Antique Art Nouveau silver tea caddy

Antique Art Nouveau silver tea caddy


An entirely handmade antique silver tea caddy of the Art Nouveau period. All four panels and the hinged cover are hand chased with stylised bellflowers and tendrils, classic motifs of the Art Nouveau ornamental style characterised by its use of a long, sinuous, organic lines.

Art Nouveau was an ornamental style of art that flourished between 1890 and 1910 throughout Europe and the United States. The distinguishing ornamental characteristics are its long undulating asymmetrical line, often taking the form of flower stalks and buds, vine tendrils, insect wings, and other delicate and sinuous natural objects.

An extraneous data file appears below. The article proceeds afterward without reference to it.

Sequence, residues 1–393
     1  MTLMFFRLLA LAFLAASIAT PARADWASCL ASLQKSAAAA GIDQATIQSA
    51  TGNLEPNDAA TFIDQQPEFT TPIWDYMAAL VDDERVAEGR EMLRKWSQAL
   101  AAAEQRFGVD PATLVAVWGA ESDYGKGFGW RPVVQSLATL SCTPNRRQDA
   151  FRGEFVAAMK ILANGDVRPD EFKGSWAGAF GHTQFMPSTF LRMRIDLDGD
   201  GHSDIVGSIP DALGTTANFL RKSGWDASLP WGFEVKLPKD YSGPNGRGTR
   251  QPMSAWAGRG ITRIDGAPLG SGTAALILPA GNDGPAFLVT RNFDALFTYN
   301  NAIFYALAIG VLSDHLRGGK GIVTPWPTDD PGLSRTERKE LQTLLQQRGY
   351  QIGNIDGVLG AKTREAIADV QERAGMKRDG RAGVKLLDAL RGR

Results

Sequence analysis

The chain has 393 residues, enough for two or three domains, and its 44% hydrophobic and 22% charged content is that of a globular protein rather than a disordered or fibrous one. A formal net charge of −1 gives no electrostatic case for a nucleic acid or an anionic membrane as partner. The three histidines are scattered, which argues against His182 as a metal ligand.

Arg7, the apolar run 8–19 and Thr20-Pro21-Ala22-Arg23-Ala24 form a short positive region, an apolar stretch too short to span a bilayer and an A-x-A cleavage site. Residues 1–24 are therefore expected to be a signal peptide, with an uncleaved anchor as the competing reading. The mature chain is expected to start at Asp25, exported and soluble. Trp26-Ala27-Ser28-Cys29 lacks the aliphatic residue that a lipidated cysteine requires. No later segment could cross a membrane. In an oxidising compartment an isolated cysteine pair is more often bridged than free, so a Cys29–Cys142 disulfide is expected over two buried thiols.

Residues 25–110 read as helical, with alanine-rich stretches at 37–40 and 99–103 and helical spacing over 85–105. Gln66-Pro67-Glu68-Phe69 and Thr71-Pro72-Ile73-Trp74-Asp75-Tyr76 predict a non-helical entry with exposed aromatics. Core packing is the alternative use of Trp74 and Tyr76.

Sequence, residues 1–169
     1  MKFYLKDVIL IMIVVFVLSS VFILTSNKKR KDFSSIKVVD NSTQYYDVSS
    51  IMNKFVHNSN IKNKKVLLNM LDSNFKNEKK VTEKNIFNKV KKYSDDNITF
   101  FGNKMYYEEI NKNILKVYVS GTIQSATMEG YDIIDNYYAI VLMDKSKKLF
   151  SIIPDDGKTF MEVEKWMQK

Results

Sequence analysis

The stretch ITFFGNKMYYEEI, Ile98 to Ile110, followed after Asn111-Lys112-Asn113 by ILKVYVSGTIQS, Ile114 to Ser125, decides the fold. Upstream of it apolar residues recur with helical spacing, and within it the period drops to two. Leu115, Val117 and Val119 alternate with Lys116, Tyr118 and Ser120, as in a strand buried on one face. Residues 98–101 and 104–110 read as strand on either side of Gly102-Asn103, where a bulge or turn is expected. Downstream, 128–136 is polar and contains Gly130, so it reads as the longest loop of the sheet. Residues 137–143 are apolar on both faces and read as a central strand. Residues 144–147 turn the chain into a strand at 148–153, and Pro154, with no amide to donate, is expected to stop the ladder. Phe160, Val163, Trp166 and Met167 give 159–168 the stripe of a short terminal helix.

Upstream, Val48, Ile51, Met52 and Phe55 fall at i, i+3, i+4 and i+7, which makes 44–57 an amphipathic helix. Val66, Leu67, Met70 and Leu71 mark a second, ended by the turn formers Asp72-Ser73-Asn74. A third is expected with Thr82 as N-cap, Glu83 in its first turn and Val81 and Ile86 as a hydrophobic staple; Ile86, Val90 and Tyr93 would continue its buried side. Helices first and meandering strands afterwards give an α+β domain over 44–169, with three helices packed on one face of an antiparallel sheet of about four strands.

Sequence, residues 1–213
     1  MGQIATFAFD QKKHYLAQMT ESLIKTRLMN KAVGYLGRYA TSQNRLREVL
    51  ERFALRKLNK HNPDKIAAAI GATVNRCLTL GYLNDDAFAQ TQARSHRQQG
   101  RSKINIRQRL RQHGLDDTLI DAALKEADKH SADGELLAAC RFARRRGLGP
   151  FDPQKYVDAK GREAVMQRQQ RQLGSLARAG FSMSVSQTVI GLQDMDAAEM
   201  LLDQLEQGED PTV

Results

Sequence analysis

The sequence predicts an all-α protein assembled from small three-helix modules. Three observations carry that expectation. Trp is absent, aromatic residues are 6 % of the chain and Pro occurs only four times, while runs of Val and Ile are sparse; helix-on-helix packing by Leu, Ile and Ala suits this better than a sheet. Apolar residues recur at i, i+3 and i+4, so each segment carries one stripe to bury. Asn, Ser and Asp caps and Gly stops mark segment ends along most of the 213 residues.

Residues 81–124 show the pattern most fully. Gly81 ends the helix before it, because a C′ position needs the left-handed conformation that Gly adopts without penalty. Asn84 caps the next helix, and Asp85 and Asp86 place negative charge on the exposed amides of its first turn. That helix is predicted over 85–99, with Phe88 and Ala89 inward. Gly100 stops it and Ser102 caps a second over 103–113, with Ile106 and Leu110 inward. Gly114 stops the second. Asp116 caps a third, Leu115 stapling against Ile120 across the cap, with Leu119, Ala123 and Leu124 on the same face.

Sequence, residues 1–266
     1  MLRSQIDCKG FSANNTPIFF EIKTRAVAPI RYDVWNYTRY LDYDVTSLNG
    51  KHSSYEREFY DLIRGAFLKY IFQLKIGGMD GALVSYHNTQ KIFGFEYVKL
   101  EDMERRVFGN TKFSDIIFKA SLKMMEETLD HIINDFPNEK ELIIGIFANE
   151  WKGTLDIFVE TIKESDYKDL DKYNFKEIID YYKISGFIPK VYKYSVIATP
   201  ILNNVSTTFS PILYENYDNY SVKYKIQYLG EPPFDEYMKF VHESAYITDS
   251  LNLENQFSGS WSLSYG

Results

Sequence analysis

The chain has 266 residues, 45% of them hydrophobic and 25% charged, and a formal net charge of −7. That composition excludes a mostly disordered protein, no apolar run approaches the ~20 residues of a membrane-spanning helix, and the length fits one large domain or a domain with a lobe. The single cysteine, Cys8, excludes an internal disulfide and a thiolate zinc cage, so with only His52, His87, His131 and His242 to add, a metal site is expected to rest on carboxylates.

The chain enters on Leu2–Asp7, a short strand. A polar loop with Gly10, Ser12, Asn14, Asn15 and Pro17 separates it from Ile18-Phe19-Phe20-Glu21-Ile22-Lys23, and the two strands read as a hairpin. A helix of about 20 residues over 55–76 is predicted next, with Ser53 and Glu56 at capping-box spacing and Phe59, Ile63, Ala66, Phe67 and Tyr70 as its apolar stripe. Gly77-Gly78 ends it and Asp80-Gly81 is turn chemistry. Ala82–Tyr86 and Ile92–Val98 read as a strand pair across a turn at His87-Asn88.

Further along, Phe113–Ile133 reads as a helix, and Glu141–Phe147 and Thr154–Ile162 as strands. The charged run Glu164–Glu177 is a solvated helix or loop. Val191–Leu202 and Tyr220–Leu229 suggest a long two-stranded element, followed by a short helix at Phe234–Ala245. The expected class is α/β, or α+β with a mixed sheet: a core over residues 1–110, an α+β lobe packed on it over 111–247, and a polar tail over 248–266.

Tea drinking in England became fashionable and hugely popular among the wealthy from the late 17th century. For most of the 18th century, import duties and the East India Company's monopoly on importing tea kept the price of tea artificially high making it a very expensive commodity. This in turn established the need for airtight, lockable tea canisters and chests, not only to preserve the tea's distinctive flavours, but to protect the precious contents. Commensurate with the high value of the contents, caddies became treasured and valuable accessories in their own right often made in fine porcelain or silver, and invariably fitted with a key.

By the end of the 18th century tea canisters and chests were referred to as tea caddies. The word caddy is thought to derive from the Malay word "kati" which was a measure of tea weighing about one imperial pound.


Height 80 mm / 3 14"
Width 80 mm / 3 14"
Depth 80 mm / 3 14"
Weight 214 g (6.88 troy ozs)